The only way not to become paralyzed by all the sources of risk is to accept that, somewhere along the line, you’ll have to trust someone. Trust can never be eliminated; it can only be transferred or substituted for another form of trust. We can mitigate the risk by spreading it out and making compromises in cases where we’re not willing or able to be extra paranoid. I can recall one day skimming through the Glacier Protocol out of curiosity, and the biggest take away was the fact that you can identify all the possible attack vectors, but you can only spend so much time and energy trying to mitigate them. At the end of the day, you have to accept that some level of risk is unavoidable.
Trust In Finance
A good example of minimizing the trust factor is using hardware wallets from multiple vendors in a multisignature setup. This is commonly advocated by services like Casa and Unchained and is a good way to avoid failure or compromise in one specific manufacturer.
This brings us to financial services. In the traditional financial industry, trust exists at every layer, as there is always counterparty risk present in a system that’s based on delayed settlement by design. In contrast, bitcoin allows for final settlement and full custody, but you have to take advantage of full custody to benefit from these assurances, or else you’re no better off than having a regular banking relationship. The beauty of bitcoin is that it allows for a spectrum of custodial solutions that fit for use cases that require varying degrees of trust. Collaborative custody services are ideal where user control is desirable, while the servicer can play a supporting role such as being a signatory to transactions, providing education and infrastructure, and offering more complex arrangements like bitcoin-backed loans and retirement accounts.
There are other instances where trust is unavoidable or even preferred as in the case of small communities. For instance, mining pools rely on trust that the pool operator will be honest about handing out block rewards, although there can always be improvements on the pool model. Further, there is interesting work being done on federated e-cash which was first conceived by David Chaum in 1983. Conceptually, this consists of a custodial relationship between a customer account and a bank or mint. Electronic tokens can be traded between customers without trust or permission much like regular cash. If a version of Chaumian e-cash was built on top of Bitcoin, it would effectively allow many people to share custody of one on-chain transaction. The efficiency gains in terms of block space make this a reasonable trade-off.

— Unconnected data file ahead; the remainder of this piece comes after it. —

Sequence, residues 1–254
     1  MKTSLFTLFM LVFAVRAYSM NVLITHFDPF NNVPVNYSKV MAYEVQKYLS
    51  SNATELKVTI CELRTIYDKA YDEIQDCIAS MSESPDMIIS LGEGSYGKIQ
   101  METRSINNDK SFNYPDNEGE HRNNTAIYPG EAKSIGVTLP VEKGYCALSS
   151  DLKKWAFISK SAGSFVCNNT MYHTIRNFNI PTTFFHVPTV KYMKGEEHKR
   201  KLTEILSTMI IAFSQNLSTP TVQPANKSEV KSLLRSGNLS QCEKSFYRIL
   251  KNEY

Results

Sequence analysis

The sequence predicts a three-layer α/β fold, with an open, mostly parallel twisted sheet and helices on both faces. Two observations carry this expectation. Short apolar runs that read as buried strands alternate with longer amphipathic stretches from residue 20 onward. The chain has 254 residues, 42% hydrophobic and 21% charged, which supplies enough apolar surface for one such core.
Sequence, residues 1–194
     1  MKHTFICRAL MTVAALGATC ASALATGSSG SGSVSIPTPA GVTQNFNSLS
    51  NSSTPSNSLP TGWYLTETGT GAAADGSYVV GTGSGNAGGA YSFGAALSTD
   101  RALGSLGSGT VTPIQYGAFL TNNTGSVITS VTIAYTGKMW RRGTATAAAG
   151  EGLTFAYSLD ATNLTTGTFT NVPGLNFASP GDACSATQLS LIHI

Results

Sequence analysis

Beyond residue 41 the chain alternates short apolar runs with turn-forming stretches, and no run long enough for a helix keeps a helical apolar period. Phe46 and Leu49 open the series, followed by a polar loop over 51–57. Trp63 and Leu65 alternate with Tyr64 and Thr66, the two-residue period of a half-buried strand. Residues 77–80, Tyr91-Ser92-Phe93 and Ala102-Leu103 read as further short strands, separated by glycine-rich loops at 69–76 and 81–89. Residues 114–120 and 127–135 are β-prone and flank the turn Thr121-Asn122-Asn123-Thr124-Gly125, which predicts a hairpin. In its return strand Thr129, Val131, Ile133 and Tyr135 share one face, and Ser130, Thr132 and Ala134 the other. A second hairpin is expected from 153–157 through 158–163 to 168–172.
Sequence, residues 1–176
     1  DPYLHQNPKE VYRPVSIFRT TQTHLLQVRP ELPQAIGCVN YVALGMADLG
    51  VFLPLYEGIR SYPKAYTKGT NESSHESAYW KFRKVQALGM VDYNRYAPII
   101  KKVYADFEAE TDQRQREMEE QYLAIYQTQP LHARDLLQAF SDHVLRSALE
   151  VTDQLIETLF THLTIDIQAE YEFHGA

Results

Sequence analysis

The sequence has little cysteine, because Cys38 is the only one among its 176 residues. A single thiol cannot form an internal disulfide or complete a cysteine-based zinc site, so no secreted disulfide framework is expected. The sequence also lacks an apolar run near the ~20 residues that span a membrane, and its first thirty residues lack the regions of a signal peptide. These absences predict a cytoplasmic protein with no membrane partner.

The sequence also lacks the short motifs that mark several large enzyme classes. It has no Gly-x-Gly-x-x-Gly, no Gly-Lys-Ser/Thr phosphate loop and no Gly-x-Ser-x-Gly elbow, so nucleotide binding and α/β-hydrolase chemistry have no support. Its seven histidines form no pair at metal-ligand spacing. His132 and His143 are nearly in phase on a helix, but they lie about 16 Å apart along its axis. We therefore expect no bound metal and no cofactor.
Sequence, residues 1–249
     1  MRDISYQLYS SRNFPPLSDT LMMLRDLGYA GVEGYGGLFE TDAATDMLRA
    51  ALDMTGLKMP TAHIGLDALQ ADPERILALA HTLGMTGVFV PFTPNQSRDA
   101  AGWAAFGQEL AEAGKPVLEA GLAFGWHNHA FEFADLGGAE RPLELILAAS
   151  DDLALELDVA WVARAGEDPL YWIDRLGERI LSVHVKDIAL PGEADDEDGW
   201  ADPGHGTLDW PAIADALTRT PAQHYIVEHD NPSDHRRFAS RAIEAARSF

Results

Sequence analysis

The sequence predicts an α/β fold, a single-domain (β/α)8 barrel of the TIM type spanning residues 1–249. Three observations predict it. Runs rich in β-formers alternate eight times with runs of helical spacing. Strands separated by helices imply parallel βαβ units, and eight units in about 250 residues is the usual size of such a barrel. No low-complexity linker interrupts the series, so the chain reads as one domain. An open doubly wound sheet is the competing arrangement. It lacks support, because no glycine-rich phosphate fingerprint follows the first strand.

Making use of a trusted setup for convenience and efficiency doesn’t mean having to give up privacy. The protocol can be designed such that the custodian remains blind to the sender and recipient; it only knows that a transaction took place. In general, if compromises are made that introduce more trust, then users should be compensated with strong privacy guarantees.
El Salvador’s bitcoin bond is a testament to the kinds of financial innovation that can be done in a Bitcoin world. Sovereign bonds are traditionally safe assets although they still carry a non-zero default risk. The “Volcano bond,” however, is significantly de-risked by being partially backed by bitcoin the asset as well as bitcoin mining infrastructure. The bonds are tokenized on the Liquid sidechain making for easy access to investors all over the world. Liquid as a Layer 2 network is also federated, which means it can’t truly be called trustless the way Bitcoin can. On the other hand, Liquid allows for confidential transactions, so what we lose in trust, we make up for in excellent privacy. Hypothetically, if the same degree of privacy was implemented on Bitcoin’s base layer, we would lose the ability to verify the total supply which is not desirable. So it’s actually better to innovate across distinct layers to address new use cases rather than assuming every application needs to live on the blockchain.
Bitcoin vastly reduces friction in monetizing content and supporting other people’s work online. We’ve seen how the relationship between users and social media platforms can get complicated, but social media is still an effective way for content creators to reach a large audience. Bitcoin can help streamline engagement within and across platforms, and the ability to stream sats to reward creators, journalists and gamers has been nothing short of a miracle. Examples include Twitter’s Strike integration, Podcasting 2.0 and stacker news.